Amid the current COVID-19 pandemic and related social distancing mandates, ELF magazine spoke with Kate Greenen – she is a local mental health professional who offers individual and couples counseling as well as training and consulting – about telehealth appointments during what has been a difficult time for many in the region. Currently she is offering her services online from Brattleboro but also covers other areas of southern Vermont as well as bordering towns in New Hampshire and Massachusetts.
How have your services changed over the past several months?
Greenen: All of the mental health professionals who have the capability of being online right now are online, almost exclusively. Luckily, video sessions are available and easy to set up, and most clients need no extra software or equipment. I use a service called doxy.me that is HIPAA compliant and secure, and all my clients have to do is click on a link I send them. They are then in my “virtual waiting room” and I join them at our session time.
Has online therapy been difficult?
Greenen: There are pros and cons to online therapy. I’ve used it before the social isolation guidelines as a way to provide services to those with transportation or mobility issues, those with chronic illnesses that find coming into the office to be a barrier to care, and others who need therapy but cannot come in for whatever reason.
Luckily, when the social isolation protocols went into place, most insurance companies waived many of the restrictions based on telehealth to make sure it was covered like an office visit. This has helped many people not have interruptions in their therapy at this critical time for mental health. We have HIPAA-compliant software to use to protect patient privacy.
However, there are some real cons to online therapy. Technical difficulties, poor internet speed, and the lack of in-person connection has been difficult for providers and patients. As a therapist, I feel I miss a lot of the body language and fine facial cues, and there’s nothing more frustrating than having a time delay or a mismatch in a highly emotional or volatile moment. For me, nothing can match the amount of connection and information I get through in-person sessions.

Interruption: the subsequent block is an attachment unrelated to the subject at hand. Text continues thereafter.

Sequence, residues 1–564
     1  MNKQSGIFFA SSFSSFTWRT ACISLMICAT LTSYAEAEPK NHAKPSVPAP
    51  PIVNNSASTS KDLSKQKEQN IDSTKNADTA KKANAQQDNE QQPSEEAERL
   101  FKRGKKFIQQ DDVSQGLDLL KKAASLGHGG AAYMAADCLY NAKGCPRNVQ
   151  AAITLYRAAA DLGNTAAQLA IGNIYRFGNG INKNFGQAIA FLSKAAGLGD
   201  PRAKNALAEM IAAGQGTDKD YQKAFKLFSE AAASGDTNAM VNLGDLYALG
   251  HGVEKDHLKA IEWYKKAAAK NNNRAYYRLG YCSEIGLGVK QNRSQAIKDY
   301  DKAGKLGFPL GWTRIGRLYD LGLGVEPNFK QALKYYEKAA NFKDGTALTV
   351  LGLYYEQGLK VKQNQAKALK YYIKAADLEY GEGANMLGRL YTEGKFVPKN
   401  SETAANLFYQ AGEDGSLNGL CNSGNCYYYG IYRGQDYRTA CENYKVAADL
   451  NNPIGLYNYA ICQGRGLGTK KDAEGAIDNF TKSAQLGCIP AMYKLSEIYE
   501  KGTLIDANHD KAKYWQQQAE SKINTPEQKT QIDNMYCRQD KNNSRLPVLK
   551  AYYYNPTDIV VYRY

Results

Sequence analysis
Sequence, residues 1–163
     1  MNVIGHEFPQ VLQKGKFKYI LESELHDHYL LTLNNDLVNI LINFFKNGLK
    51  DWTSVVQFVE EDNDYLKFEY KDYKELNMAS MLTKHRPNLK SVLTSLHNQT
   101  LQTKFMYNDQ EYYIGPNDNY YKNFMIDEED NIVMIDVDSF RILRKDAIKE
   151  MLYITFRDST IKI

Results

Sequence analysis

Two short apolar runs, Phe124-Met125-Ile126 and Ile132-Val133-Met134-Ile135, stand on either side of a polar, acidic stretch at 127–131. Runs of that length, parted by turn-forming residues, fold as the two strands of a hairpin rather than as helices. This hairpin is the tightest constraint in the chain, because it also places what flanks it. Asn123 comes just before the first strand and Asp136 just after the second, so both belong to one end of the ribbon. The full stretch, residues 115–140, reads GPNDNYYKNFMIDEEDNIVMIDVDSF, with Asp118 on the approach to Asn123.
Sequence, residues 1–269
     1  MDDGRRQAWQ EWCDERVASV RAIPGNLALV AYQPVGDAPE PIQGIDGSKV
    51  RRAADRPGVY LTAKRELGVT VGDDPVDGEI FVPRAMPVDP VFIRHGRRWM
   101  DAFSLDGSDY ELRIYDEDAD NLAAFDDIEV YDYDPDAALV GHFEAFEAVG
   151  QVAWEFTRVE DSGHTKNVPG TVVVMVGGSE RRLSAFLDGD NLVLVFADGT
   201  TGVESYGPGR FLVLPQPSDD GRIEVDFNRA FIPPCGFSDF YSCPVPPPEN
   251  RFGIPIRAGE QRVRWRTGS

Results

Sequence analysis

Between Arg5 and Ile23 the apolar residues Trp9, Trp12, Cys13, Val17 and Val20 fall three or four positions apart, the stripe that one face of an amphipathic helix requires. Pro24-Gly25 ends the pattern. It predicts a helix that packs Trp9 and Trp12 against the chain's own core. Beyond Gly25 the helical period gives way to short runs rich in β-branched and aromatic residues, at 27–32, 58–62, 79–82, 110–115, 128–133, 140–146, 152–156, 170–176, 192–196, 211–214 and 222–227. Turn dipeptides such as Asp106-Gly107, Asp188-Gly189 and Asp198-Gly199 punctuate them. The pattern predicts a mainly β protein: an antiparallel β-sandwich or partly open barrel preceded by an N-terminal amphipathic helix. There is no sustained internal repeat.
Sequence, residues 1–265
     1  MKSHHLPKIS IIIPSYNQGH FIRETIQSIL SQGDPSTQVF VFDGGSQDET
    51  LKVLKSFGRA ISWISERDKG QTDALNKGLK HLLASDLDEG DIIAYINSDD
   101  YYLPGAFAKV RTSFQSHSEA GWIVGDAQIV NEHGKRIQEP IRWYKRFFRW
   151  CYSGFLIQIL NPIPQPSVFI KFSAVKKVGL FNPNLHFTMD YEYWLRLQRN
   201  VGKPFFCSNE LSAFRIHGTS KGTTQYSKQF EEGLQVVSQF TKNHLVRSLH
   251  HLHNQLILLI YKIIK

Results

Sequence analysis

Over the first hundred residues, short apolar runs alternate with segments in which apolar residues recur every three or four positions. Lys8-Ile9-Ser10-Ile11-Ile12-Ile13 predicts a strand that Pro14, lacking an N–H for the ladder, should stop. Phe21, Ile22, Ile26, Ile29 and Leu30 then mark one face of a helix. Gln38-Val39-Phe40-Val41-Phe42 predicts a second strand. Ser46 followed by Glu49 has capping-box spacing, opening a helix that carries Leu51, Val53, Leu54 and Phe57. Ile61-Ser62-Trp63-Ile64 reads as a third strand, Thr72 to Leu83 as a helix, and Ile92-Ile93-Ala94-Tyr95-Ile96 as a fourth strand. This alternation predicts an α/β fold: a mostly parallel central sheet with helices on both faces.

Plus, especially for my parents or those in tight quarters with others, it’s been difficult for the patients to be able to secure their privacy. I’ve had clients sit in their bathtubs and call me, because the bathroom was the only place to assure privacy. Couples have sat in their cars for relationship counseling. Clients with children find there are frequent interruptions and they have difficulty feeling private enough to really drop into the process like they would in a closed office.
What kind of feedback are you getting?
Greenen: The most prominent reaction is gratitude that they will not lose their therapy, that their insurance company will keep covering their therapy, and that they don’t have to lose this support. There are some frustrations with technology, but everyone has been good-natured and understanding, and mostly it has been okay. I recently upgraded my internet speed at my home, and that helped a lot!
Have patients found it difficult, the way you have to provide therapy now?
Greenen: Most clients say they can’t wait to come back into the office. Some clients find it very convenient to be able to not have to travel and expressed a desire to continue online even after social distancing ends.
Has anyone been hesitant or needed extra comfort?
Greenen: It’s easier with clients who know me, as they are already comfortable with me. New clients can find it a difficult way to get to know me and build a therapeutic relationship. I have had to have conversations with clients about how they can protect their privacy and feel safe doing telehealth, because I’m no longer providing the environment for them that is safe and secure.